US State Department spokesperson Ned Price fields questions from reporters at the department’s building in Washington on Feb. 9. (Reuters/Yonhap News)
The administration of US President Joe Biden reiterated the importance of staying on the “same page” with South Korea and other allies when formulating North Korea policy.
During a Feb. 9 press briefing, US State Department spokesperson Ned Price was asked whether the Biden administration was “concerned at all that a delay of engaging with the North Koreans could result in them doing something to get the United States’ attention [such as] testing a nuclear weapon or launching a [missile] delivery system.”
In his reply, Price said, “I think we would be more concerned with the prospect of not closely coordinating with our partners — in this instance, of course, the Republic of Korea and Japan.”
“[W]hether it’s North Korea, whether it’s Iran, whether it is any other global challenge: In the first instance, we want to make sure we are on precisely the same page to make sure our allies and partners know that we are there for them, that we have their back, that we are on this diplomatic endeavor together,” he continued.
Price’s remarks were taken to mean that Washington is making a priority of close discussions with Seoul and Tokyo to establish consistent North Korean policies rather than rushing into action. In a telephone conversation with South Korean President Moon Jae-in on Feb. 3, Biden also expressed praise for South Korea’s efforts as “one of the chief parties in resolving Korean Peninsula issues” and indicated plans to “cooperate closely toward common aims” while stressing the importance of the two sides being on “the same page,” the Blue House reported.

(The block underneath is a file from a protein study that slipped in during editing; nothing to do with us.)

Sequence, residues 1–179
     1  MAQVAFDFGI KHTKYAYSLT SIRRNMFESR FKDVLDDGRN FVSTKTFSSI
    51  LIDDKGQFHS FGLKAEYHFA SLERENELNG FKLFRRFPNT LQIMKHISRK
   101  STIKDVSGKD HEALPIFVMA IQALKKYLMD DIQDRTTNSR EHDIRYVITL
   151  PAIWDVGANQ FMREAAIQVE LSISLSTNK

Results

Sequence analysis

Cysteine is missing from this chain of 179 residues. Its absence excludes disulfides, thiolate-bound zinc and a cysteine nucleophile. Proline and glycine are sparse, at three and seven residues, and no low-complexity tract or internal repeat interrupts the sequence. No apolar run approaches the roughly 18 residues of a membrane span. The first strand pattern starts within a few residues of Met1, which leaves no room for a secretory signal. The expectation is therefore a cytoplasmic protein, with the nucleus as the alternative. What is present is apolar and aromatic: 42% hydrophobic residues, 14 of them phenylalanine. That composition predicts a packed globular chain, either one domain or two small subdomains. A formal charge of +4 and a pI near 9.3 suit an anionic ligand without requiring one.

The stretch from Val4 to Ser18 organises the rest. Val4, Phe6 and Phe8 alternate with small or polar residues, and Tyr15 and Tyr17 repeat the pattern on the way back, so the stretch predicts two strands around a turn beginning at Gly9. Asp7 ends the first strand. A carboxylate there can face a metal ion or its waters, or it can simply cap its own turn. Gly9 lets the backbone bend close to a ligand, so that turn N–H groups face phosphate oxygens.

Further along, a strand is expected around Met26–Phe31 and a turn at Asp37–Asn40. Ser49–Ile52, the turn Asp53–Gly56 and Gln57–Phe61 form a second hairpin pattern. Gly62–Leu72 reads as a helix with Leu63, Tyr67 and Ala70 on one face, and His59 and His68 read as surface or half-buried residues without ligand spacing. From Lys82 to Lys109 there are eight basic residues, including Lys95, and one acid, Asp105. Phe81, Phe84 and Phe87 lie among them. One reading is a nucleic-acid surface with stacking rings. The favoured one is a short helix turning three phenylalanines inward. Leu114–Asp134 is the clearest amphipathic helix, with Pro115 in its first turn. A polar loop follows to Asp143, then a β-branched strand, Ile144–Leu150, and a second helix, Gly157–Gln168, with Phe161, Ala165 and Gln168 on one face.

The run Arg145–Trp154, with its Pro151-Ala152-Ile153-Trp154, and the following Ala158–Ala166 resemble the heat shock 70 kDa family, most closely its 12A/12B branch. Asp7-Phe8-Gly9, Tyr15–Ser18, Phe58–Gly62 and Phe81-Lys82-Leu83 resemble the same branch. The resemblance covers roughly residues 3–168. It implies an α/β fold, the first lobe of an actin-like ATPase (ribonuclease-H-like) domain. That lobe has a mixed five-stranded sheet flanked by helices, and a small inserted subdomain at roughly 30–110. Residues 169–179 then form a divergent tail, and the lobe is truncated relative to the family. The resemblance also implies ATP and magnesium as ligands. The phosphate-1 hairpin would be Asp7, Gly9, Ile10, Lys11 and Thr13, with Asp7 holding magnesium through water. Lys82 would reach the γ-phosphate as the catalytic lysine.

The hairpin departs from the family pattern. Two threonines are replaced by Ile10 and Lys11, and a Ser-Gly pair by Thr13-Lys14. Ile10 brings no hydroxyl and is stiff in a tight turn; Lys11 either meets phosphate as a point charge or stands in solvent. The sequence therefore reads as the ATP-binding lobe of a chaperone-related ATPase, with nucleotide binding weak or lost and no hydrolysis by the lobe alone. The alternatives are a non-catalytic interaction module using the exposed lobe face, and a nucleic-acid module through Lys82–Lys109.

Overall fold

In response to a question about whether the US government had made progress with its “new approach” toward Pyongyang, Price said, “[W]e will adopt a new approach that keeps the American people and our allies safe, and that will begin through a policy review of the state of play in North Korea.”
“And we’re going to do that in close consultation and coordination with the Republic of Korea, with Japan, with other allies and partners,” he continued.
“Our focus in formulating this new policy and approach and undertaking these consultations will be on reducing the threat to the United States and our allies, as well as improving the lives of the North [and] the South Korean people,” he said.
“[A]t the core, we do remain committed to the denuclearization of North Korea,” he added.
By Hwang Joon-bum, staff reporter (Washington)
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